Industry pioneer dies

November 27, 2006

Phillip Haynes, 78, a forerunner of the machine tool business in New England and North America, passed away on Thursday, Nov. 23 in Essex, Conn.

Born and raised in Wilmington, Ohio, Haynes attended the Miami University in Ohio, and later graduated from Wilmington College with an engineering degree. He also served in the U.S. Army Signal Corp in Okinawa Japan.

Haynes was employed by Cincinnati Milacron as an engineer, which brought him and his young family to Simsbury, Conn. His openness and good judgment served him well, and Haynes quickly rose through the company ranks becoming Cincinnati's regional sales manager for New England. While at Cincinnati in Wilmington, Ohio, he also made friends with another engineer-turned-machine-tool-visionary, Berthold Leibinger.

In the late 1960s, Leibinger was traveling through the major U.S. manufacturing centers in the hopes of finding a good location to open a U.S. office for TRUMPF, a German machine tool producer. Haynes convinced his friend Leibinger to visit him in Connecticut for the weekend. During the trip, the two visited the Farmington Industrial Park (upon Haynes' recommendation) and the decision was made. TRUMPF has been in Connecticut ever since. Today the company employs more than 600 employees and is currently planning a new $20 million expansion.

"Phil's unwavering optimism for the future of machine tools in America reassured me that planting stakes here was going to yield a solid return for TRUMPF over time," said Berthold Leibinger, former president of the TRUMPF Group and current chairman of the supervisory board.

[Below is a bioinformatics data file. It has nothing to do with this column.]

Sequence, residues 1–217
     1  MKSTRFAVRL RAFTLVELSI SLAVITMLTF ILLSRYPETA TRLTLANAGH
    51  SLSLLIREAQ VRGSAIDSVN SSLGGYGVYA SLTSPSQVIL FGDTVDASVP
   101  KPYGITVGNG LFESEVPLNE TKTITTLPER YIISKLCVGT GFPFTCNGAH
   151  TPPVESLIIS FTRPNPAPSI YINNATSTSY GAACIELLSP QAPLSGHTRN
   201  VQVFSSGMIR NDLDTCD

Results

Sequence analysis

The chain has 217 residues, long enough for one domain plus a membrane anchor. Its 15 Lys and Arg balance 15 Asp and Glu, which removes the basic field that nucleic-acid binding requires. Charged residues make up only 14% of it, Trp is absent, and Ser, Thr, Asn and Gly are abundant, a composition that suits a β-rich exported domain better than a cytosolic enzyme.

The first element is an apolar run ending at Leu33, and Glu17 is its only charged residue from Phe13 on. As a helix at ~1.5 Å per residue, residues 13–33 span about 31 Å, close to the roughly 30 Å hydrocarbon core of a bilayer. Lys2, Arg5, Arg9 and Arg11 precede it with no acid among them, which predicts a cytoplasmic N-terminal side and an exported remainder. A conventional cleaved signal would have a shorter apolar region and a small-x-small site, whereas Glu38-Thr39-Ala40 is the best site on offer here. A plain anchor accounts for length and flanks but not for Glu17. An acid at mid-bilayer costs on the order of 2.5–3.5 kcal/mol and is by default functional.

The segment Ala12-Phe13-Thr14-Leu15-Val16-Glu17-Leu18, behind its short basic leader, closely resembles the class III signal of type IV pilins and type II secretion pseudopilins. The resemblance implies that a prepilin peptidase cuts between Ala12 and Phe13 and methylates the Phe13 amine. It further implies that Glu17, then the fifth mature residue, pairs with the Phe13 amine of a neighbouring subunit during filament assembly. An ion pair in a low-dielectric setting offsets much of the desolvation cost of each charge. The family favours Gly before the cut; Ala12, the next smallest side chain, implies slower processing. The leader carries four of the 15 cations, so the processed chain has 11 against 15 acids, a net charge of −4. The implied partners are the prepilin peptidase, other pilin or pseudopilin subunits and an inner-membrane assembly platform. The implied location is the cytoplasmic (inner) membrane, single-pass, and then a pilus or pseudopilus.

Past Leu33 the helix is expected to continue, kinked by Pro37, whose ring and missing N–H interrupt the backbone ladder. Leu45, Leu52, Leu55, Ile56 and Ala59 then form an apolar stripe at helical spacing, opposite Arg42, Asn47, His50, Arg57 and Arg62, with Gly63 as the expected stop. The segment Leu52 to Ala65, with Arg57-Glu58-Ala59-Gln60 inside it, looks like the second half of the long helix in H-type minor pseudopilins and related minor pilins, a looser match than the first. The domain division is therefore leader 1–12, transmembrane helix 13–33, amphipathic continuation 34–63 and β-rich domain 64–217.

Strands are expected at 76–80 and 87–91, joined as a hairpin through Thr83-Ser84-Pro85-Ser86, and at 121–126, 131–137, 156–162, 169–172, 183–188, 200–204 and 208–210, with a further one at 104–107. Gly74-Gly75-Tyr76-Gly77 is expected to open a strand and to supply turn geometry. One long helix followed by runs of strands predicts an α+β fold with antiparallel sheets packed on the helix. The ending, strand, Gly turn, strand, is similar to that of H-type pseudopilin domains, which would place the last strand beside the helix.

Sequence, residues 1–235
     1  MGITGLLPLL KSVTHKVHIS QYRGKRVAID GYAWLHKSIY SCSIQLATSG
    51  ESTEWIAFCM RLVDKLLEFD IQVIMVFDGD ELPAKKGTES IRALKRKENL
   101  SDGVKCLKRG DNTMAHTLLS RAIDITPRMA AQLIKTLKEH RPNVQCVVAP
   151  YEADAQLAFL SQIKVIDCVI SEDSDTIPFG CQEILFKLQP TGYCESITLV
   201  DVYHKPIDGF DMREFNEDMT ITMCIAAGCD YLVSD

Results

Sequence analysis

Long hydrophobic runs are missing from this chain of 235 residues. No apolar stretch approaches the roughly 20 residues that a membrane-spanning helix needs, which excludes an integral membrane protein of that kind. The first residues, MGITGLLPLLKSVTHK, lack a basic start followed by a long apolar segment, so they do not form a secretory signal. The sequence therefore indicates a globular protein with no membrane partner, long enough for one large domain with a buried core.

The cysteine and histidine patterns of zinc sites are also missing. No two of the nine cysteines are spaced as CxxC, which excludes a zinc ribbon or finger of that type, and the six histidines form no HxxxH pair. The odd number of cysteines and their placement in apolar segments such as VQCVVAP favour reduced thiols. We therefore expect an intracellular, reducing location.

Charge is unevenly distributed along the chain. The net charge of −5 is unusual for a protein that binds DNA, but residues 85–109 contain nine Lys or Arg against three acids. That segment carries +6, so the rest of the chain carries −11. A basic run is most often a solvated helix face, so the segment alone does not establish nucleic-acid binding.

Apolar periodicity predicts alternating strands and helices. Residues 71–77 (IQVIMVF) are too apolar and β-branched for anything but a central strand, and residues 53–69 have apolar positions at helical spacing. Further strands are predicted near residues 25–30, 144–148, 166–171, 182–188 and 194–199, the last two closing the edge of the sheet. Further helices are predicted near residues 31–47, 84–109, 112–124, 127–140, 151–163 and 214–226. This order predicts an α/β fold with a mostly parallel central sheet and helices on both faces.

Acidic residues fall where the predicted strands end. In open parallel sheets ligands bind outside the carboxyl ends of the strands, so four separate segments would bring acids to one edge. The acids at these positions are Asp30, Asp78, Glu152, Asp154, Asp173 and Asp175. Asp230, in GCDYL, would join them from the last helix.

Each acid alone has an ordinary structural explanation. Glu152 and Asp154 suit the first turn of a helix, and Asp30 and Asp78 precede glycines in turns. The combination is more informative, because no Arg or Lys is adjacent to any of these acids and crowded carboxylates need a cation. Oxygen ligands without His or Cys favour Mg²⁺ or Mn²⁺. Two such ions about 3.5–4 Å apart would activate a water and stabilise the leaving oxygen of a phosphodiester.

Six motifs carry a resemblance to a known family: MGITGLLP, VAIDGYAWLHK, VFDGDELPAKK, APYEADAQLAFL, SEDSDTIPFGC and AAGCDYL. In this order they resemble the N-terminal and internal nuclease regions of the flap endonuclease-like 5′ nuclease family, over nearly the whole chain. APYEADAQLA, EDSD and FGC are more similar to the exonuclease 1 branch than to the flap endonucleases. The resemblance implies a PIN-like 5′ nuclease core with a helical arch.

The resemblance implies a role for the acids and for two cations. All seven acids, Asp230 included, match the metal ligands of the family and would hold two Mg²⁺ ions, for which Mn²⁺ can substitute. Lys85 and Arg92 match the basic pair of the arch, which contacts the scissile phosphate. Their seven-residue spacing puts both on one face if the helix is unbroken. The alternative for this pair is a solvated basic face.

In 1969, Haynes joined TRUMPF as the company's third U.S. employee and became the subsidiary's first vice president of sales. Under his leadership, TRUMPF built its first U.S. building at 111 Hyde Road in Farmington, Conn. During his tenure, the U.S. subsidiary's sales grew from $600,000 to $14 million and the number of employees increased to 100. The company now is the largest TRUMPF subsidiary outside of Germany.

TRUMPF colleagues remember Haynes as an even-tempered man, an excellent judge of character, and a careful listener. Leibinger added, "Phil listened to others, even when he disagreed. In his opinion, the mark of a quality salesman was the ability to listen carefully to the needs of customers, as well as the ideas of colleagues. TRUMPF's growth here in the United States can be attributed to this man's patient ability to listen."

In 1982 Haynes resigned from TRUMPF to start his own business as the New England distributor for the TRUMPF product line. Retired for the last 18 years, Haynes lived in Essex, Conn., and was an antique car enthusiast, history buff, avid reader, and lover of jazz.

He leaves behind his wife of 55 years, Yvonne R. Haynes, three sons and nine grandchildren.



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